C’est Bon

Hello readers! I know it’s been a while since I’ve written and for that I apologize. The last couple of months, we’ve been soaking up as much time as possible with family and friends. We even drove – yes, drove twenty-four hours – to Louisiana to spend predeployment leave in Kyle’s hometown. The more time we spend there, the more I’m looking forward to the day we can finally call Louisiana home. Being away for months at a time between visits leaves me missing some things more than others.

The sound of rain on a tin roof. Is there anything more soothing than listening to that calming, constant drumming? Maybe it’s the months of bone-dry desert-living, but I’ve missed the rain terribly. The quiet roar of a springtime downpour is music to my ears.

The food. Obviously. Do I even need to spell this one out? Homemade blueberry muffins, warm doughnuts from a local bakery, flakey biscuits, boiled crawfish, fried catfish, creamy crawfish étouffée, rice dressing, honey sausage, seafood gumbo, carrot cake from scratch, shrimp po’boys, and spicy chicken and sausage jambalaya. The list goes on. Growing up in an Italian family, most of the dishes served down south are fairly new to me. I eat a lot more seafood now. I’ve come to favor andouille sausage over Italian sausage – just don’t tell my grandparents that. I’ve considered resorting to bribery to get my hands on a certain jambalaya recipe. Acadiana, your Cajun ways are quite contagious.

The warmth of the people. From the very first day, I have always felt welcome. I’m always greeted with a hug and a sincere, ‘how have you been?’. Everyone wants to know what’s been going on in your life, even if it’s not always bright and shiny and perfect. When we had our miscarriage last summer, word got out to a few families while we were visiting. They prayed not only for us, but for the little soul that we lost. They hugged us and knew exactly what to say. They made us smile and helped us enjoy our visit, while respecting that we were still grieving.

The strength of their faith. The people I’ve met in Louisiana are unapologetically devout, which is kind of refreshing. Where I’m from, we’re told to say ‘happy holidays’ so as not to offend non-Christians with a ‘merry Christmas’.  Typically, we don’t talk about our faith with friends. However, catholicism is an integral part of life in Acadiana. When someone is having a hard time, you let them know you are praying for them. Going to chapel regularly is the norm, even for teens. Mass on Sundays and every holy day of obligation is a given. Children are taught to be still and attentive during services. They know how to pray a rosary. More importantly I think, the children and young people not only go through the motions, but they understand why. I think that deep understanding at a young age is beautiful.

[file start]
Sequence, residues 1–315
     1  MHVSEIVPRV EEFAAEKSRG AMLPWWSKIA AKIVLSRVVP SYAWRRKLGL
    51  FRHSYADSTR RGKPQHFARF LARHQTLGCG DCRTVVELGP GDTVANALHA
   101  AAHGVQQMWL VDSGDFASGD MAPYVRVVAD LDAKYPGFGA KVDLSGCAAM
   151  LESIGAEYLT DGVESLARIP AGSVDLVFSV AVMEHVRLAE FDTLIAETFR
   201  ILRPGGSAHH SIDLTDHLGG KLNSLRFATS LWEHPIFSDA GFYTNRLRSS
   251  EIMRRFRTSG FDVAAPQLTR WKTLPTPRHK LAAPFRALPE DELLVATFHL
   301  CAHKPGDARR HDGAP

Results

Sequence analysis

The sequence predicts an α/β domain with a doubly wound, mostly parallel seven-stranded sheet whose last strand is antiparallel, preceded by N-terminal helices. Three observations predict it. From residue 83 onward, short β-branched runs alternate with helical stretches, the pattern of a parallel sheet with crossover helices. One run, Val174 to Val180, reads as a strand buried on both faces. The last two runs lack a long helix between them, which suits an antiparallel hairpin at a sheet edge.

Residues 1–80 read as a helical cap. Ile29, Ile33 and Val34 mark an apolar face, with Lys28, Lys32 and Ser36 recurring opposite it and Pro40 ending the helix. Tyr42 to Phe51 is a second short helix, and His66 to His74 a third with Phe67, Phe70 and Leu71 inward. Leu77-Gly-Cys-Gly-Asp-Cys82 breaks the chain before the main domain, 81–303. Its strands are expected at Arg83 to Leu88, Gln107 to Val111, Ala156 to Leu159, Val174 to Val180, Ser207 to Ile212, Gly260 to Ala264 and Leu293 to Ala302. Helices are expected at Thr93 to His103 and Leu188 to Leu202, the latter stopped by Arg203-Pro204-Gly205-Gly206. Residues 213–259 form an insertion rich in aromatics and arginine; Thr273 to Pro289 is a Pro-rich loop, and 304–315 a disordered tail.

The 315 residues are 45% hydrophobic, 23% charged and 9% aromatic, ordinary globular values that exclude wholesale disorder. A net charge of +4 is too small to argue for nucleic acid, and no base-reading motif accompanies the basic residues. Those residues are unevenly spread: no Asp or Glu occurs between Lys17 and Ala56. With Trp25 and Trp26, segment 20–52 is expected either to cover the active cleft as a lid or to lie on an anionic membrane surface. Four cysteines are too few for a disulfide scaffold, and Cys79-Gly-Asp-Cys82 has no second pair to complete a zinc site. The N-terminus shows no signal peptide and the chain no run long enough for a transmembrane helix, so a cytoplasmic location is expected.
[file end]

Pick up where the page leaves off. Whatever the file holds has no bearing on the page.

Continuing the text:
The children. Until we were married, Kyle’s younger nieces and nephews called me ‘Miss Amanda’. They almost always say ‘please’ and ‘thank you’. They are fairly quick with a ‘yes ma’am/sir’ when an elder addresses them. They are extremely affectionate – I don’t know if I’ve ever been hugged so many times upon entering a home. They climb up into your lap and fall asleep on your shoulder. They send little notes in the mail telling you they miss you. They sew you little felt wallets for Christmas. That’s not to say they never misbehave. They have tantrums. They are rude from time to time. But they are all genuinely good, sweet, loving kids. I’m glad our future children will have so many wonderful cousins.

The one thing I do not think I will ever enjoy? The humidity. Especially after being in the dry California desert for so long. I’ve resigned myself to a lifetime of bad hair days. I think it’s a fair trade, all things considered.

I don’t want you to think I don’t miss Pennsylvania, because I do. I miss my home and my family so badly it hurts. However, Kyle and I have decided that upon the end of his contract with the Marine Corps, Louisiana will be our new home. There are more job opportunities for him. When we do have children, there will be more readily-available helpers. School will be less expensive for me. Someday, maybe we’ll make it to Pennsylvania. For now, our future bébés will be raised cajun. C’est bon. No, c’est magnifique!

Advertisement

Leave a Reply

Fill in your details below or click an icon to log in:

WordPress.com Logo

You are commenting using your WordPress.com account. Log Out /  Change )

Twitter picture

You are commenting using your Twitter account. Log Out /  Change )

Facebook photo

You are commenting using your Facebook account. Log Out /  Change )

Connecting to %s